Permit given to fish king crab
A special permit granted by the Fisheries Ministry will allow Nelson fishing companies to go after king crab, with the potential for lucrative exports, reports www.megafishnet.com with reference to The Nelson Mail.
Crabco Ltd, a three-way partnership between Aotearoa Fisheries, New Zealand Longline Ltd and Te Ohu Kai Moana Trustee, has been given three years and seven months for research and exploratory fishing of the deepwater crabs which can span up to 1.2 metres.
Niwa researchers have identified 14 varieties of king crab in New Zealand waters. The slightly smaller red crab are found on the east coast of the North Island.
King crab has been made famous as "the world's deadliest catch" by a popular television documentary series about the Alaskan fishery, which targets a similar species to those in New Zealand.
At present they are caught only in small numbers around New Zealand as trawl by-catch. Although the total allowable combined catch is 60 tonnes, under two tonnes was caught in 2009-10 and under one tonne the previous year.
Announcing the permit, Fisheries Minister Phil Heatley said it would allow scientific research and larger catches "so we can work out whether they can be caught commercially".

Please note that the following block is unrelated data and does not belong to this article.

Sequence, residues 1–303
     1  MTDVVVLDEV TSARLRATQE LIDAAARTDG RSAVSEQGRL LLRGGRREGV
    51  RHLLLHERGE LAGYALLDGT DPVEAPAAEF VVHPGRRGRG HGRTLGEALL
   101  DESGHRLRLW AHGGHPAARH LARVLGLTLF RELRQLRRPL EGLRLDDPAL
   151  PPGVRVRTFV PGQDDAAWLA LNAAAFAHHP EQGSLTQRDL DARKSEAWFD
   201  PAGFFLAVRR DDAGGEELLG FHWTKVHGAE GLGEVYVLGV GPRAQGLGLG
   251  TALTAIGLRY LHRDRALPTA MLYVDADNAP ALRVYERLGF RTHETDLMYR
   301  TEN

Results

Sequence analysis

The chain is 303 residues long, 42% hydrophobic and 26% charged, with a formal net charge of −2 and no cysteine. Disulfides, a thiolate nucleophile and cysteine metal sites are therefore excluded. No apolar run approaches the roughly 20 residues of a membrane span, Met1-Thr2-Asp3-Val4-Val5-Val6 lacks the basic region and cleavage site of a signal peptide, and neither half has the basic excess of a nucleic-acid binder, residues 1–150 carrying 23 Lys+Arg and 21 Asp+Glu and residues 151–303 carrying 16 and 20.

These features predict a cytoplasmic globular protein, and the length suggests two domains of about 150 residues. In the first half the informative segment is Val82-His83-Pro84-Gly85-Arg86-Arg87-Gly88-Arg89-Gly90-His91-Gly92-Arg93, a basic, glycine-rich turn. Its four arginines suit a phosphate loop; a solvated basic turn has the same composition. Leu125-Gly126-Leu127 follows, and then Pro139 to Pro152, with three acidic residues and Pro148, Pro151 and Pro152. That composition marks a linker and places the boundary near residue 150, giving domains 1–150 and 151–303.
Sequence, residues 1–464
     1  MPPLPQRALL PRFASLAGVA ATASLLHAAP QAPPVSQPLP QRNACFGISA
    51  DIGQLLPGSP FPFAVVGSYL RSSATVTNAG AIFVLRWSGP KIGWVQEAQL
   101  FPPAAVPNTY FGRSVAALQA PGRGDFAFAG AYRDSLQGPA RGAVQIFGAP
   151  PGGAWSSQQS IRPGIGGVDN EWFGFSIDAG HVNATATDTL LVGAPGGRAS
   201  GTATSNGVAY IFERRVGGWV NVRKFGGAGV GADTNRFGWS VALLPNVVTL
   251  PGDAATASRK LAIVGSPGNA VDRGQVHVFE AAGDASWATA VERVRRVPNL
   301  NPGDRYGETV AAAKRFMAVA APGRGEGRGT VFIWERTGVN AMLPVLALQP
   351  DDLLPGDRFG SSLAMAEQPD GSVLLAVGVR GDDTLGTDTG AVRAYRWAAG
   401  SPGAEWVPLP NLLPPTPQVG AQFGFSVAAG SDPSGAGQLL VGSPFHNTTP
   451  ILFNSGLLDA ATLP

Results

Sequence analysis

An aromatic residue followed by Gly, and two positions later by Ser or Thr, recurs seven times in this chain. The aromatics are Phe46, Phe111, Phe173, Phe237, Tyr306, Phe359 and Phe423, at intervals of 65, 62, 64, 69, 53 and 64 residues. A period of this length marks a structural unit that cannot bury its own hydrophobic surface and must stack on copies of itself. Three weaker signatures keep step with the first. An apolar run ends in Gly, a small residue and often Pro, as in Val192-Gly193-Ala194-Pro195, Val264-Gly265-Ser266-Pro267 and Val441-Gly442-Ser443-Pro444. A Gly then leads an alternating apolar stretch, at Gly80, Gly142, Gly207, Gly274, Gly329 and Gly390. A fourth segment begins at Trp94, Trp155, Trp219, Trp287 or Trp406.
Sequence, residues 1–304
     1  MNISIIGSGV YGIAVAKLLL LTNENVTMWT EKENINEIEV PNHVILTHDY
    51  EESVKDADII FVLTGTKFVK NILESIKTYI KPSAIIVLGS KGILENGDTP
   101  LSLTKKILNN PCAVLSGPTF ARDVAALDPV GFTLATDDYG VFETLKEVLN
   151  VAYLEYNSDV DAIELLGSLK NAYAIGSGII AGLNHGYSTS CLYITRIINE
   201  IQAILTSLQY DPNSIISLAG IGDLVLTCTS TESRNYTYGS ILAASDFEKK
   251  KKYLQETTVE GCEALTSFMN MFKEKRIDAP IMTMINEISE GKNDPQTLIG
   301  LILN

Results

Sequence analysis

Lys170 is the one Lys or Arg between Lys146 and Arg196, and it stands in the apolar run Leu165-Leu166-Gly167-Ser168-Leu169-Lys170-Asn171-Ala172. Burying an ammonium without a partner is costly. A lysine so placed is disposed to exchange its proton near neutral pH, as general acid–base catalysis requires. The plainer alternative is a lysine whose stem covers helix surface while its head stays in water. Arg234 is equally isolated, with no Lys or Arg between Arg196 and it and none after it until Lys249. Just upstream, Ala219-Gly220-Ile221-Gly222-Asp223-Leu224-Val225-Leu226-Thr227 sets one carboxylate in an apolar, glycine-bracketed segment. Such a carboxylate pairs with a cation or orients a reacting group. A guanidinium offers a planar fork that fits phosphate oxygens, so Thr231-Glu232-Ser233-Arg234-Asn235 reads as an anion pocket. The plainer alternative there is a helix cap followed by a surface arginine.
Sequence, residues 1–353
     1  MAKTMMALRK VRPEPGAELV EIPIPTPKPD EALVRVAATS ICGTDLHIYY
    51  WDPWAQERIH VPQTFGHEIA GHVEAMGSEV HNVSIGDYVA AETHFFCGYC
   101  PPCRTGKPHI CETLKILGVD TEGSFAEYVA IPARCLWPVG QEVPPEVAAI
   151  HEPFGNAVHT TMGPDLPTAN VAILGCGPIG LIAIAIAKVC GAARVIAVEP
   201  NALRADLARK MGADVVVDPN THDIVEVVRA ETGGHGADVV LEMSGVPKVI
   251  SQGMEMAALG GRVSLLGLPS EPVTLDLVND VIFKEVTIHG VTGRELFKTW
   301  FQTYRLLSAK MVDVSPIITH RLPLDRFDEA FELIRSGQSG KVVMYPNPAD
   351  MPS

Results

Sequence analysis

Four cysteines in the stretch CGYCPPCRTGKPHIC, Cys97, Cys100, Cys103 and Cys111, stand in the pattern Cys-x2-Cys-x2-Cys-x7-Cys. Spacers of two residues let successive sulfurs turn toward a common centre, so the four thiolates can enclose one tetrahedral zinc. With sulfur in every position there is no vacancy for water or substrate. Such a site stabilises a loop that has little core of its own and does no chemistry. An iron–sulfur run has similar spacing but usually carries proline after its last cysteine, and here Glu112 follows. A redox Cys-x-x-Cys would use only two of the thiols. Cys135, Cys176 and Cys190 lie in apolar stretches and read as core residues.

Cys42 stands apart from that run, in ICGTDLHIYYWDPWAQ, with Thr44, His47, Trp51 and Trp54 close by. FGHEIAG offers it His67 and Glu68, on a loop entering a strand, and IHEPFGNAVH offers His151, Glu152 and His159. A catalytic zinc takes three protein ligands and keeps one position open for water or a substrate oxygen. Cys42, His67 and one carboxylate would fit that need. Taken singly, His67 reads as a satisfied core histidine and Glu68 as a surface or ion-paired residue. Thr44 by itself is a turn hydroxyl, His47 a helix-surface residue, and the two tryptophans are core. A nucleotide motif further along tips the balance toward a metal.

He said results of overseas fishing of giant crabs suggested there would not be any sustainability concerns over the research period, but the permit would allow for information to be gathered from which to set a sustainable catch limit for the future.
The permit allows up to 1000 tonnes to be taken from New Zealand's exclusive economic zone, with the biggest total, 250 tonnes, allocated to the sub-Antarctic and 200 tonnes from the Challenger area which takes in the waters around the top of the South Island.
Aotearoa Fisheries owns half of Sealord Group on behalf of Maori. Sealord in turn has half of New Zealand Longline, with the other half owned by Talley's Group.
Sealord general manager of international fishing and New Zealand Longline director Ross Tocker said Crabco now had to sit down and plan how to get the crab, which would be marketed in Europe, Asia and the United States.
"We're looking at chartering options, and we also have our own vessels that we could use on an exploratory voyage."
Mr Tocker said the big crabs could fetch US$60 (NZ$80) a kilogram in restaurants, "up there with lobster".
"We've really got to invest in the methodology to safely pull these things up, process them, keep them alive - the live market's where you want to head them."
Mr Tocker said Crabco would target areas which were not trawled, because king crabs preferred to sit in nooks and crannies of the rough sea floor.